And for all the sense that New Zealand is doing well, with the government back to running a surplus, there remain some big challenges that Key has avoided tackling. Auckland's dysfunctional housing market is beginning to make London look like good value. The pension age remains unsustainably low at 65. Immigration levels are increasingly worrying some of the National Party's base. And while Key's government signed free-trade deals with Malaysia, Taiwan and Hong Kong, years of work into the Trans-Pacific Partnership went up in flames during the US election campaign – so salvaging something out of the wreckage will be a priority for the next Prime Minister.

The collapse of the TPP ranks second to Key's biggest regret – failing to persuade New Zealanders to ditch our Union Jack-based flag in a $22 million, two referenda consultation. But in the scheme of things it's hardly an illegal invasion of Iraq, or making the wrong call in a Brexit referendum. Not a bad disappointment to have after eight years at the top.

First published by Coffee House on December 5th, 2016

19 June 2016

Why I've voted to leave the European Union

The EU referendum is the biggest question British voters (myself included) will have to wrestle with in a generation. General elections come and go, but deciding on our EU membership transcends the electoral cycle and normal political allegiances. As a postal voter in New Zealand I've already voted 'Leave', so I thought it’d be helpful to explain why I think membership of the European Union is bad for Britain.

Both sides have have used 'facts' to underline their positions – but in both instances 'facts' are often tosh. The Treasury's claims that households will be poorer if Britain doesn't vote to remain in the EU are nonsense: back in 2010 the Treasury 'predicted' the Government would be in surplus by now, yet here we are after six year of Conservative government still very much in the red. Likewise, Britain pays £350 million a week to Brussels, but it does get some of that back in return investment – the real figure is more like £180 million a week (still an enormous amount of money).

You can use 'facts' to make the case for a vote each way – little wonder people are sick of politicians!

So for me the referendum debate isn't a game of Top Trumps. There isn't an EU referendum statistic that beats another stat, but there are parallels that resonate – and this is what I've based my vote on. The big issues that swayed me are as follows:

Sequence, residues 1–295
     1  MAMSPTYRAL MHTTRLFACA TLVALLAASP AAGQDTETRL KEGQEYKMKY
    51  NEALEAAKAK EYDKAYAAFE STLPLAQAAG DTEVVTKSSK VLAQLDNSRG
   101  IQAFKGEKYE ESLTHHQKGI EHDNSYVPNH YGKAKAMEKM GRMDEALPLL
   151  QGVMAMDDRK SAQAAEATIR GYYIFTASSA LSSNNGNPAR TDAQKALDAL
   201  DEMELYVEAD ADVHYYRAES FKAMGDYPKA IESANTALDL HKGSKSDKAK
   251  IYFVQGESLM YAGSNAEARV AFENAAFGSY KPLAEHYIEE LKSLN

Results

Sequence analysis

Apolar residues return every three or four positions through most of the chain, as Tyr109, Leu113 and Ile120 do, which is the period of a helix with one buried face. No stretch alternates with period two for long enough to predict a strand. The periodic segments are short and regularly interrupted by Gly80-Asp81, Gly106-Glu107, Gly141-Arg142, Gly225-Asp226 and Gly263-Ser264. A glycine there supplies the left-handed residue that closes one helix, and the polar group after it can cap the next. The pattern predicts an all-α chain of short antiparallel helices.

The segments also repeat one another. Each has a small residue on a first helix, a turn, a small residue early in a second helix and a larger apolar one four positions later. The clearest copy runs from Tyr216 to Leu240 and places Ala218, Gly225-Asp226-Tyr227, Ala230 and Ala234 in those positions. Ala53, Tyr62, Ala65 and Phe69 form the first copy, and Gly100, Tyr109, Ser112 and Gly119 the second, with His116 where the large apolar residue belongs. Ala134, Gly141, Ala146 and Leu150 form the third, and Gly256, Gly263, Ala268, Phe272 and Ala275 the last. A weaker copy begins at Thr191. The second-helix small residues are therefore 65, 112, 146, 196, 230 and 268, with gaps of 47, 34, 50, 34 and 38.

1) Accountability – This is one of #VoteLeave's big arguments: the European Commission is responsible for setting a decent chunk of British law (around 30%, depending on who you listen to) yet of the 28 Commissioners only five have any commercial experience – the rest are career politicians, academics, lawyers, and so on. As someone who enjoys election campaigns the idea of people making the rules without being answerable to the country appals me (and yes, I support reform of the House of Lords). The European Parliament is merely an advisory body, and besides – no-one knows what Members of the European Parliament do. Can you even name your MEPs?

Oh – and there’s the small problem of the EU failing to sign off its accounts for almost two decades. It’s estimated that over £5 billion of the annual EU’s budget is lost to fraud. If this was the record of an elected government the politicians would be out of office – but the EU Commissioners are appointed, so they aren’t exactly sweating on this.

2) Eurozone integration – It's clear that the Eurozone will need to consolidate if the Euro is to be viable in the coming decades. Britain – outside the Eurozone – won't be part of this, so regardless of whether we vote 'In' or 'Leave' we'll be on the periphery of the next phase of the EU. Second class European citizens, yet still paying in more than we get out. If the referendum is won by ‘Remain’ then polling suggests it will be by a tiny margin, with debate in the UK and with our European partners dominated in the years ahead by a sense that almost half the population wants out. Let’s pull off the plaster and start building a new relationship with the Eurozone countries, and let them take the necessary steps towards integration that are desperately needed to get their economies back into real growth.

3) Trade – Britain is tied to the EU when negotiating trade agreements. The 'Remain' camp say the EU's size helps during trade negotiations, but this isn't true. As a half-New Zealander I've seen how successive governments in Wellington have been able to secure trade deals with the world's major economies. Smaller is better – which explains why New Zealand has secured trade deals with China, the US, Japan and almost all the major economies in Asia. The larger the block, the more vested interests there are to slow down trade talks – and Europe’s arms are regularly tied by French farmers, Romanian leather manufacturers, and so on. The EU trumpets its deals with Mexico and South Korea (New Zealand has also signed deals with these countries) but on a global level they are small fry. Where is the EU trade deal with China? The US? Brazil? These crucial agreements won’t be signed anytime soon, and that’s a real financial loss for the British economy. 

Put simply, the EU is millstone for the UK's global trade ambitions – disastrous given that we're in the era of the container ship and digital trade.

New Zealand's Free Trade Agreements (2016)

4) Less government – The EU's enormous bureaucratic machine is well known to Britain. 10,000 people working for the EU in Brussels take home more pay than David Cameron. And when all the member states were tightening their belts in recent years it was a major struggle to get the EU to reign in its spending. Totally out of touch – so a vote to leave the EU frees Britain from this awful culture of waste.